How to Support Missions When You’re Not the One Going

For more than half my life, I have participated in international missions in a variety of ways: short-term trips, summers abroad, mobilization, training, and study. I entered seminary four years ago with the intention of spending my life overseas, but the Lord had a different plan—at least for this season of my life. Now, I live in Houston, Texas. It’s different from the suburban Carolina life I’ve always known, but it’s not quite the overseas experience either.

My call to missions is not suddenly null and void because I’m still living in the United States. The Great Commission is for all Christians. Although the term “missionary” refers to “one who is sent,” typically overseas, there are many ways in which believers can participate in and support missions even if they are not going themselves.

My call to missions is not suddenly null and void because I’m still living in the United States.

Pray

Prayer is an obvious and necessary way to participate, but there are many avenues to take when praying for missions. First, pray for the missionaries you know. If you don’t know any personally, pray for the missionaries from your church or for missionaries in general. Pray for unreached peoples using a reference like Operation World or the Joshua Project. The IMB has a page on our website to guide prayer.

Give Financially

If you attend a Southern Baptist church, a portion of your tithe likely goes to the Cooperative Program, a portion of which is given to missionary efforts. You can also give directly to missions agencies, to self-funding missionaries, or support others going on short-term trips. One example is the Lottie Moon offering, which goes directly to the IMB to support international missions. You can explore other giving opportunities here.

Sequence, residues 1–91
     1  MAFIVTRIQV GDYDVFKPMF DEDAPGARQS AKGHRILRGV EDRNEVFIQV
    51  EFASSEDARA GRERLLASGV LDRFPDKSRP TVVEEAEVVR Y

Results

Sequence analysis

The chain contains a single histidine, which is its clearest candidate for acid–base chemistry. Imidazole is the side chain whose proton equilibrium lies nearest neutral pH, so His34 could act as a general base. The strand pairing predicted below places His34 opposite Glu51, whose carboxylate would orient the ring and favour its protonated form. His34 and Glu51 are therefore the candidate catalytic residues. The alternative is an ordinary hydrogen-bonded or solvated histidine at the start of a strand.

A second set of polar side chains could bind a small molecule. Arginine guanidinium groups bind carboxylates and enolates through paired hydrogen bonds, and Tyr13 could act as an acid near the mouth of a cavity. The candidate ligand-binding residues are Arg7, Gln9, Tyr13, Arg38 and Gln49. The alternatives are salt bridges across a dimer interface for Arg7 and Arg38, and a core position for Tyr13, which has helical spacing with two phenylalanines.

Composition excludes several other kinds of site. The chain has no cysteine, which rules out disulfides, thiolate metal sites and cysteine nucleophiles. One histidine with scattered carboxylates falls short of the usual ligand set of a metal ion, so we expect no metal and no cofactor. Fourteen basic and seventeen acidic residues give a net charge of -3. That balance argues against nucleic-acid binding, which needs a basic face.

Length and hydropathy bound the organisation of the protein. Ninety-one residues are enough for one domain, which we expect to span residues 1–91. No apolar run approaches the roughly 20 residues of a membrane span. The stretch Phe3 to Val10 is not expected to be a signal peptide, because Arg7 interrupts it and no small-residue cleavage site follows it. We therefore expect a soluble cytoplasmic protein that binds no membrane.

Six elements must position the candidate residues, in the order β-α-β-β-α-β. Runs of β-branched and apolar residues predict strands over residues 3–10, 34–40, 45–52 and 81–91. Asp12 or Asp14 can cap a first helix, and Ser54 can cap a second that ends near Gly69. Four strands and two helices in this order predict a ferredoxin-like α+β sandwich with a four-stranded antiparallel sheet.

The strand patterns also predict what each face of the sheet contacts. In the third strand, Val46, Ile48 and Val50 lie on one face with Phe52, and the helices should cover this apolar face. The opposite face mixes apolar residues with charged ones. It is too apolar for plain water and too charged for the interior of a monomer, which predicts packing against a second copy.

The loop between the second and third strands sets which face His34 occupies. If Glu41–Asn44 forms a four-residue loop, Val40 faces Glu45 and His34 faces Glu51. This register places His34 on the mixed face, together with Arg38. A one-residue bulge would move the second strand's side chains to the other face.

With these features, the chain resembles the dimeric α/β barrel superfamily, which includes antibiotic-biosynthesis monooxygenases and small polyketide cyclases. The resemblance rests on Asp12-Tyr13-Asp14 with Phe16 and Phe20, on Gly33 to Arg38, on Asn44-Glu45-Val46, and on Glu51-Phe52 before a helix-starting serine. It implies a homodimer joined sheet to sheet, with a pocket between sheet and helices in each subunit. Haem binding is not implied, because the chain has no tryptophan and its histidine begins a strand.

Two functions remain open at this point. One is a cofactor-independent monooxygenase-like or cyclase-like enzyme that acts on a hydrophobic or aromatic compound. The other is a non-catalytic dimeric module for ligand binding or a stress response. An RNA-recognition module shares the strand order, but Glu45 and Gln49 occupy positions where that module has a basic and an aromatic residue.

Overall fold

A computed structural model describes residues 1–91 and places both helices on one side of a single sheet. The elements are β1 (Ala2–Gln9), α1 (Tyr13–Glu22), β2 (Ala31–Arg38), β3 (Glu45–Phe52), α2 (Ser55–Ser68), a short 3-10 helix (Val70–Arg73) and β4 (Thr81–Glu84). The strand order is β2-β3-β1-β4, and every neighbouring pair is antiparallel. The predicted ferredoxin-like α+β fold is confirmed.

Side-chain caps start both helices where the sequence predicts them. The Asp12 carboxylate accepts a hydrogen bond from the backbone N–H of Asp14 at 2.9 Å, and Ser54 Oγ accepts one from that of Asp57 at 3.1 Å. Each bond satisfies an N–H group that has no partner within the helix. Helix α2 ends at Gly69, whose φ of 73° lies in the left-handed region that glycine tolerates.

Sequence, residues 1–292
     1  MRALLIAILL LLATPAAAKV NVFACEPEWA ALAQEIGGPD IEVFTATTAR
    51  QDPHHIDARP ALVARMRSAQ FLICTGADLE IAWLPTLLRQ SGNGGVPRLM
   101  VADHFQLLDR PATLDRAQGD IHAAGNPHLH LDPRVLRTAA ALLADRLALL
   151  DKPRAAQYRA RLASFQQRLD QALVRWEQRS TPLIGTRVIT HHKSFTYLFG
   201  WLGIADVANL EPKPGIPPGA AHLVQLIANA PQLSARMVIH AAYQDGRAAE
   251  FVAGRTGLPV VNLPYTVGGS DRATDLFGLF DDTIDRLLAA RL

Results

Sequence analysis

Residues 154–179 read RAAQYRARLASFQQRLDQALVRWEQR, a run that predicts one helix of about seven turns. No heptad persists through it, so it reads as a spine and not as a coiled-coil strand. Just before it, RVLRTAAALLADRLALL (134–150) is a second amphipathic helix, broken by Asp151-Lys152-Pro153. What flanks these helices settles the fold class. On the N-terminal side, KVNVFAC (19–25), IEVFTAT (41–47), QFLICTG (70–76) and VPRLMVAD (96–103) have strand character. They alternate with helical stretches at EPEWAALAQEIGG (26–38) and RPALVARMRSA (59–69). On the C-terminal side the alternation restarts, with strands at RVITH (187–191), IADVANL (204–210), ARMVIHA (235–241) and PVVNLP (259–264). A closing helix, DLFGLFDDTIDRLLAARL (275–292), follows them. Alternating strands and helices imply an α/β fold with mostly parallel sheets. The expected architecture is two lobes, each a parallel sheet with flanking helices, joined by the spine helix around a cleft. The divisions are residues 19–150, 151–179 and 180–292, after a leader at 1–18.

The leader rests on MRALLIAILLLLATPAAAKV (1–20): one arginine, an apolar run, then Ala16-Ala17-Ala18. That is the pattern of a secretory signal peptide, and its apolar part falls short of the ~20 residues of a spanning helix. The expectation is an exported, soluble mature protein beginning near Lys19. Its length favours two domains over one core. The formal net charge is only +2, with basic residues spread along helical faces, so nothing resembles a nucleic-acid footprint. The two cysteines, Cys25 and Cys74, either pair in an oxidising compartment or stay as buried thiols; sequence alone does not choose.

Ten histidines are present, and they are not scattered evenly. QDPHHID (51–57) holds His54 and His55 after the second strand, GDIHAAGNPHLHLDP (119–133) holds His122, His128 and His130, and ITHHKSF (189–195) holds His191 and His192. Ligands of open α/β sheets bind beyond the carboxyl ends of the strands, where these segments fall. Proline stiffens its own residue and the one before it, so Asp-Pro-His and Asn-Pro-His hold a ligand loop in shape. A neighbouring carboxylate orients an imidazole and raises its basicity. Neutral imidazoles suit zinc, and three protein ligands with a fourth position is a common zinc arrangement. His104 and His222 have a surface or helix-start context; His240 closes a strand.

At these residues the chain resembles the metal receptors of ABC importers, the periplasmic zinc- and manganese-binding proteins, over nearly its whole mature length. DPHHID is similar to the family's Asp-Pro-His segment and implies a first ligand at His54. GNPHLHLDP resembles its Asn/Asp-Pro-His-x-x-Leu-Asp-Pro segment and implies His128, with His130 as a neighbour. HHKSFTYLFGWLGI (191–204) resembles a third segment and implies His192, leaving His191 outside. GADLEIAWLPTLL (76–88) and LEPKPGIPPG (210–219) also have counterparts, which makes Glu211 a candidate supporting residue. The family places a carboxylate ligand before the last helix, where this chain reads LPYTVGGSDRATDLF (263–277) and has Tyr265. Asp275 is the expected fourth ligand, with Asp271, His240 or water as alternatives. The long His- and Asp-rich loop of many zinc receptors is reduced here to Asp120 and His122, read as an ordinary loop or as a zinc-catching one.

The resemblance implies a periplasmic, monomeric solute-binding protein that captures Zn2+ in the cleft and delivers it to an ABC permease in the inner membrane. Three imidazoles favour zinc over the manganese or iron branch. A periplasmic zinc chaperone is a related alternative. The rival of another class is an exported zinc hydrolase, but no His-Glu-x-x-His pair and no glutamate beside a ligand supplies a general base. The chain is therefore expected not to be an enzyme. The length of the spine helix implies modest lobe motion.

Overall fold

Share the Gospel

All believers are called to share the gospel with non-Christians around us. In doing so, we join the work of missionaries around the world in reaching the unreached for Christ. We who live in America are able to share the gospel freely. There are many who are sharing truth in contexts where people are hostile to the gospel, where it is illegal to be a Christian, and where conversion to Christianity could be a literal matter of life or death. Recognizing this reality encourages us to take advantage of every opportunity to share the gospel in a country where making someone mad is likely the worst that could happen.

All believers are called to share the gospel with non-Christians around us. In doing so, we join the work of missionaries around the world in reaching the unreached for Christ.

Read Missionary Biographies

Reading missionary biographies and missions history offers the opportunity for a broader perspective on how God has carried out his mission through the church for centuries. These stories teach us how faithful people approached the task of missions in the past, what worked, what didn’t, the hardships they faced, and their successes. Learn about these missionaries, be encouraged by their stories, and use them to become more aware of and engage in missions efforts going on around the world today. You can also find free missions courses here.

Teach Others About Missions